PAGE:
Box B.1 Six-Point Program on Public-Private Sector Relationships

  1. Advise all field offices that industrial meteorology is a legitimate field of endeavor and should be encouraged and aided by the Weather Bureau in the interest of the national economy.

  2. Advise all organizations now served by the Weather Bureau that they are not getting an individualized and specialized service (i.e., added information and/ or more service than is normally given the general public) and furnish them with a list of consulting firms approved for teletype service.

  3. Advise individuals or organizations seeking specialized services that it is not a Weather Bureau function and with their consent refer the matter to the Central Office of the Weather Bureau for transmittal to the American Meteorological Society and the meteorological consultants.

  4. Advise all Weather Bureau personnel that they should be alert to point out and develop cases in business where the employment of a consulting meteorologist would aid in developing applied meteorology.

  5. Accept grants from individuals or organizations for research and statistical surveys only when they cannot be accomplished by or with private consulting meteorologists.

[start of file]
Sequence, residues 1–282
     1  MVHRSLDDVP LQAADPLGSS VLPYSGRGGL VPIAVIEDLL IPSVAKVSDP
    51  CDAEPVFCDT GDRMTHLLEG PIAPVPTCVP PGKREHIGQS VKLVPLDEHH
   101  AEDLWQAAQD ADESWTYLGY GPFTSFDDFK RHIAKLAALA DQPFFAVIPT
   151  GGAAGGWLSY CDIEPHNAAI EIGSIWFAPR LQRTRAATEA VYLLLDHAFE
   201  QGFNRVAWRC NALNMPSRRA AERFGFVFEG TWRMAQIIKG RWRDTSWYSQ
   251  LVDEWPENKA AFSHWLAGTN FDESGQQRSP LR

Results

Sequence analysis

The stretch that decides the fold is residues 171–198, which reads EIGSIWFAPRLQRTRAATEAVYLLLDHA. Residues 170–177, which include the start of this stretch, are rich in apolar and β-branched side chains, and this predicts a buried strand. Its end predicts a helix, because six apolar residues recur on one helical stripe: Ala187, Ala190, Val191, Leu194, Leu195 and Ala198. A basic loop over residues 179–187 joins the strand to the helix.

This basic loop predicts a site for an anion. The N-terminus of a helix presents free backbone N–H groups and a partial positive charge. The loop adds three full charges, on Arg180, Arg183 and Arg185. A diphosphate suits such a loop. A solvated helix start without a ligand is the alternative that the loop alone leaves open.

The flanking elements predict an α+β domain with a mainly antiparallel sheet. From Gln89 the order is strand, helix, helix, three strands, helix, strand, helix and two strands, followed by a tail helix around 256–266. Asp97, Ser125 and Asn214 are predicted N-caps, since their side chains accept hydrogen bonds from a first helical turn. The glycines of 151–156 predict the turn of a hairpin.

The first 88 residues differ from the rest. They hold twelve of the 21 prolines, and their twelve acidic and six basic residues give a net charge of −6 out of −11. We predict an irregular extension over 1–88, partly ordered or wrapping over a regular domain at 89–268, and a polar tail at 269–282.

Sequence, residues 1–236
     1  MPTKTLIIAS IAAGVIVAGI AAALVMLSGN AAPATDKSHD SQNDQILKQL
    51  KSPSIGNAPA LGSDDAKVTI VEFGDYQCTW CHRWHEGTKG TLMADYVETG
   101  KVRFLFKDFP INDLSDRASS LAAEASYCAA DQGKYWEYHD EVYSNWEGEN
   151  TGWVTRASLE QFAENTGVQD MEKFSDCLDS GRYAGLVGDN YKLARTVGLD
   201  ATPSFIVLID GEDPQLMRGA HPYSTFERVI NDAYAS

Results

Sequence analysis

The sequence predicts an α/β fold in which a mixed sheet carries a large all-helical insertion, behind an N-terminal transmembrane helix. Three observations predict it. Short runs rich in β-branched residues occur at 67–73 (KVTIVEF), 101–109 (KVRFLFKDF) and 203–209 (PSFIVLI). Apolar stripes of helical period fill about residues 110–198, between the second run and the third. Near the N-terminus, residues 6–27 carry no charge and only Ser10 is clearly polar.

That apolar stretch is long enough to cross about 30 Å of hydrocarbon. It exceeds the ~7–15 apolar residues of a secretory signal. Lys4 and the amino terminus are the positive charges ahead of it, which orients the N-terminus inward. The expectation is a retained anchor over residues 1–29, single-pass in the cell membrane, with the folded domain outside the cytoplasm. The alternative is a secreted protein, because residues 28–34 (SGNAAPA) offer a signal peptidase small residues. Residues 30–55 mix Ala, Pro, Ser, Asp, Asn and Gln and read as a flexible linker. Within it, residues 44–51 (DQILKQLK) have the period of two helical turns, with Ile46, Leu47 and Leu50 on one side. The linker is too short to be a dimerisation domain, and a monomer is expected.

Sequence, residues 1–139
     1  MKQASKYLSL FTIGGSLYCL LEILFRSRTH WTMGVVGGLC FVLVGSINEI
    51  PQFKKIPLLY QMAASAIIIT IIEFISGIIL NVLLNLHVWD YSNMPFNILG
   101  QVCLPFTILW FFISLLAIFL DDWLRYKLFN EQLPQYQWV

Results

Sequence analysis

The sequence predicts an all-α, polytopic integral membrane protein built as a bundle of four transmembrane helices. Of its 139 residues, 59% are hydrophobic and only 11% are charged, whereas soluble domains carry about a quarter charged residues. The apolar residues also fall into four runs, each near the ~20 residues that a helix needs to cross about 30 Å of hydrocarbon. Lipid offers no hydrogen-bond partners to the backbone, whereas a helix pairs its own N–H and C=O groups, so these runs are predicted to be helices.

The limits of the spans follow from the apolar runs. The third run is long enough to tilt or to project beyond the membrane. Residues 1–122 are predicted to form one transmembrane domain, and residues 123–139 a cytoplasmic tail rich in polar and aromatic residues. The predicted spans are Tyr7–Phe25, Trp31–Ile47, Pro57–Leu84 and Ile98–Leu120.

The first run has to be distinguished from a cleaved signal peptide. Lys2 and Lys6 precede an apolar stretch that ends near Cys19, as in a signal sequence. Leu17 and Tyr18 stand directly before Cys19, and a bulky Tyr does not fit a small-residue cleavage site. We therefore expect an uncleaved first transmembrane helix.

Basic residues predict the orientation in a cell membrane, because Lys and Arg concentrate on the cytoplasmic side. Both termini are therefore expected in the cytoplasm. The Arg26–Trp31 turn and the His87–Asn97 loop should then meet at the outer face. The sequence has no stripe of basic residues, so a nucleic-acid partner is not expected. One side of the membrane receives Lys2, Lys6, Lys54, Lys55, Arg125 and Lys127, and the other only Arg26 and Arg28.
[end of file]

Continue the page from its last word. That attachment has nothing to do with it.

6. The service of looking after interest of private concerns and the initiating of special advice for commercial uses is the field of consulting meteorology and the Weather Bureau will make it a practice to refer to the field of consulting meteorologists requests for services of this kind.

SOURCE: American Meteorological Society, 1949, Report of the executive secretary, 1948, Bulletin of the American Meteorological Society, v. 30, p. 140-141.

seeking to use their expertise in weather to make a living.1 The resulting growth of commercial weather services led the American Meteorological Society (AMS) to arrange for a conference in 1948 “to clarify the relationship between the Weather Bureau and private meteorologists.” This conference resulted in an agreement between the chief of the Weather Bureau, representatives of Industrial Weather Consulting Services, and the AMS. This agreement was titled the “Six-Point Program” and is reproduced in its entirety in Box B.1. The agreement was, however, never adopted as formal policy by the Weather Bureau.2

1  

American Meteorological Society, 1949, Report of the executive secretary, 1948, Bulletin of the American Meteorological Society, v. 30, p. 140-141.

2  

Weather Bureau, 1948, Policy with respect to private practice of meteorology and instructions regarding cooperation with private meteorologists, Circular Letter 22-48, March 9.



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